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Tesla Model 3 Sentry Mode

Tesla Model 3 Sentry Mode and how it works

Written by Marc Murphy

In the first part of my experience of living with the Tesla Model 3, I covered what it was like to live with the all-electric car without a home charger. An experience that to my surprise, and against conventional wisdom, has been effort-free and without any charging or range anxiety. You can read more about my charging experience here.

Now that I’m coming up for a full year of driving the car, I’d like to focus part 2 of this review on the car’s somewhat lesser discussed feature – Sentry Mode.

Sentry Mode is a feature of the Model 3 that essentially records any threats to the car; particularly guarding against break-ins or theft. But how effective is this feature in practice? The answer – very effective, with some added benefits on top! Before we dive into the detail behind what’s been captured by this feature, when activated, I’ll quickly start by covering how the mode is triggered.

How do Model 3 owners activate Sentry Mode?

The Sentry Mode feature can be found within the ‘Controls’ panel (Controls > Safety and Security > Sentry Mode) of the car’s touchscreen. From here, you’ll be able to turn the feature on and off. You can also use your Tesla Mobile app to control when you would like the mode activated or not. From my experience the app is where I predominantly manage Sentry; it’s quick and convenient to access, and can be controlled from anywhere – day and night.

Sentry Mobile App Activate

Once the app switch is set to the on position, the car then displays a red warning sign on the central dash display to those who get too close or when a threat is detected. This is accompanied by a quick flash of the lights and the cars cameras’ being activated (front, rear and side). The event is then recorded and can be played back by the driver at a later date.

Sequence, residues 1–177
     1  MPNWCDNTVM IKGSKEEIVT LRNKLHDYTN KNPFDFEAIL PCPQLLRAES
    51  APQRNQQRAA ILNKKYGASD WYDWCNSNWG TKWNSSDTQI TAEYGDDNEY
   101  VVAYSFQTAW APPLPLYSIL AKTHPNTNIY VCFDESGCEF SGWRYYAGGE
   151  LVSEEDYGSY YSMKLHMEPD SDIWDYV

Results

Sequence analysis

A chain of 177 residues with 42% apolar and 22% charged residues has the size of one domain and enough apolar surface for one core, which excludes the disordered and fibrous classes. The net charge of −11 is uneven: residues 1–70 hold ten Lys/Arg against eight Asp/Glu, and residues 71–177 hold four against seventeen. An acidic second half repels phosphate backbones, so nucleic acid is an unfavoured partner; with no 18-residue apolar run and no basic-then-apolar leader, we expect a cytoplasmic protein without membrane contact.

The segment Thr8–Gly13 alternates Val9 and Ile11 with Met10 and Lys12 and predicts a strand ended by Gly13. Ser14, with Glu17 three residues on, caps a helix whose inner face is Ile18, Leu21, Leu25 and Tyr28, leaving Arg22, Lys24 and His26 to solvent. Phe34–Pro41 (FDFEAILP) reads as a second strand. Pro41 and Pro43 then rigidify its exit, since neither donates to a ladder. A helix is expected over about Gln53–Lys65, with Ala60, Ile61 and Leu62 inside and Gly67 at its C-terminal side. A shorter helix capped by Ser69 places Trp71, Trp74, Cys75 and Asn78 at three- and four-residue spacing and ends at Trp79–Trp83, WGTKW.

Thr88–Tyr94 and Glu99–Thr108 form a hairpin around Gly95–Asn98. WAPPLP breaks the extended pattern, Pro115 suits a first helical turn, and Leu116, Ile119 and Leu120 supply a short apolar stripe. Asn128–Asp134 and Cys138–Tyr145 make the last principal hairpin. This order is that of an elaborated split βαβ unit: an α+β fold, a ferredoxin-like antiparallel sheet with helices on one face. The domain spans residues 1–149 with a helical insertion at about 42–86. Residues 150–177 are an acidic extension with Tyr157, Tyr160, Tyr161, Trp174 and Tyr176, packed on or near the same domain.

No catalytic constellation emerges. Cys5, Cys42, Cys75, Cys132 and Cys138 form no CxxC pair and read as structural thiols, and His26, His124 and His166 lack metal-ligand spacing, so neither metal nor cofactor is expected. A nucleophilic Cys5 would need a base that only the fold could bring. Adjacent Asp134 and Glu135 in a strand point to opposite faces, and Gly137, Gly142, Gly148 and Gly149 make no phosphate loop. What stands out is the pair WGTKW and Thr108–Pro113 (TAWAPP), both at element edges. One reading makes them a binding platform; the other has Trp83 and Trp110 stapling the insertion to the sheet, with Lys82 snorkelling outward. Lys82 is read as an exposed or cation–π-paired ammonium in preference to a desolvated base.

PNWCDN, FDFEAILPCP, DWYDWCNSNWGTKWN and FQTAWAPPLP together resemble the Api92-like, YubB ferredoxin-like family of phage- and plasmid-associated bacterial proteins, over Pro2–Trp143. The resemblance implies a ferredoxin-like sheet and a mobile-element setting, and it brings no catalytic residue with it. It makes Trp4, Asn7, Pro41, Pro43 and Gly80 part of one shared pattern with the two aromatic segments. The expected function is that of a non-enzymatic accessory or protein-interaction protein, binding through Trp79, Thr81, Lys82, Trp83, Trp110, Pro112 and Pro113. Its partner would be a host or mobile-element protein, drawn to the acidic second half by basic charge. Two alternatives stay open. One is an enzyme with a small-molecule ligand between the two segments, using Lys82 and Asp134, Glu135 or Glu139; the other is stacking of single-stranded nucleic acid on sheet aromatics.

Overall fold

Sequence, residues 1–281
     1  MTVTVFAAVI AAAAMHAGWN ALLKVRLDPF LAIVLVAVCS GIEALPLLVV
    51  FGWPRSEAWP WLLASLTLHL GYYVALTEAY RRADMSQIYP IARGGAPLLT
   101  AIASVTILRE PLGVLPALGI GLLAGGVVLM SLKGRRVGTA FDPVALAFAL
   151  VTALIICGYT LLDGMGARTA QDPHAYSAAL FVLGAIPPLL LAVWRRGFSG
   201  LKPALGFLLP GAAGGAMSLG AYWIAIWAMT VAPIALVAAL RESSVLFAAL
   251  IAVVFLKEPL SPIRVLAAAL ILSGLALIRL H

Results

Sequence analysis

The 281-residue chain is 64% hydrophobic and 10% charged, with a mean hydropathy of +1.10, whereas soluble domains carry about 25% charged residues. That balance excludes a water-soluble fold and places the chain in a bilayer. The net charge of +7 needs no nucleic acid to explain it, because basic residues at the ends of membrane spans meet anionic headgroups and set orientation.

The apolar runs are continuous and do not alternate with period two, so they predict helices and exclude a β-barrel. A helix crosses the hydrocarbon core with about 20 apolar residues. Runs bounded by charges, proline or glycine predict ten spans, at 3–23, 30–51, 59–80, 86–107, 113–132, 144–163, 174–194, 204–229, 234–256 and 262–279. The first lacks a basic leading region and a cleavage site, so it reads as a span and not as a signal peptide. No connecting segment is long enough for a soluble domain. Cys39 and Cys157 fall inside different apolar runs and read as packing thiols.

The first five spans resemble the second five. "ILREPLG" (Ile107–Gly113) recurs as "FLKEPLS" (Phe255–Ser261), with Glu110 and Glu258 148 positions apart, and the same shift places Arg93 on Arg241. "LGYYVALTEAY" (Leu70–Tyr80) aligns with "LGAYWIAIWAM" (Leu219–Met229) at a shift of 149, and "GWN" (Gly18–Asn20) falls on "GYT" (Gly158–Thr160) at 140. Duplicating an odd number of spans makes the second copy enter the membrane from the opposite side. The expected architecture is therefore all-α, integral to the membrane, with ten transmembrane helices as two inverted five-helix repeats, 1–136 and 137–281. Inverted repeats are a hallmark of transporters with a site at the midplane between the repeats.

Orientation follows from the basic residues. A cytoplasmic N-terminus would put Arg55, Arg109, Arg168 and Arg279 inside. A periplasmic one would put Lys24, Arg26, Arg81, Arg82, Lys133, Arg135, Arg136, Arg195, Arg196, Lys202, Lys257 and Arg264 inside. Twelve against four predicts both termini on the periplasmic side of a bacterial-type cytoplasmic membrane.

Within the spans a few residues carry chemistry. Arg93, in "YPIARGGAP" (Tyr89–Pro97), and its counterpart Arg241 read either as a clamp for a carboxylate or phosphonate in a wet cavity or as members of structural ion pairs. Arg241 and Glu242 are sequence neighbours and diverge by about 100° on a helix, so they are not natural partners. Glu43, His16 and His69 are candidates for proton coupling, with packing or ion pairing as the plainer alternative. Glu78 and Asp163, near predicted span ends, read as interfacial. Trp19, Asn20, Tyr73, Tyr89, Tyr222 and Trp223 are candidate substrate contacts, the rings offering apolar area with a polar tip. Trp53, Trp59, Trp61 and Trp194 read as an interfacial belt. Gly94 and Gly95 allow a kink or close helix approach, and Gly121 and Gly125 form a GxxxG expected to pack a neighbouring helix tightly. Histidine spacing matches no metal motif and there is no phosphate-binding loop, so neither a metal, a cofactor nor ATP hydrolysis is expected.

Is it effective? And does it work as a deterrent?

In the past year has the Sentry Mode feature successfully deterred anyone from breaking into the vehicle? Surprisingly, yes it has. On a few occasions.

Not only has the system deterred people from attempting to break-in or try the doors at night, it has also caught other incidents affecting nearby vehicles and even properties (when parked outside).  I won’t cover the details here, but the experience so far definitely lives up to Tesla’s claim of additional peace of mind.

Will it deter against all possible threats or damage? Probably not, however it’s definitely a feature worth having and an added benefit of choosing the Model 3.

If you’re interested in our latest Tesla lease deals or if you would simply like to find out more about the features available get in touch with us today – we’ve got hands-on experience of driving a range of electric cars, from the Jaguar I-Pace and Audi E-Tron to the all-electric and high-performance Porsche Taycan, and we’d be happy to share this with you.

 

This entry was posted in Electric Car News on by Marc Murphy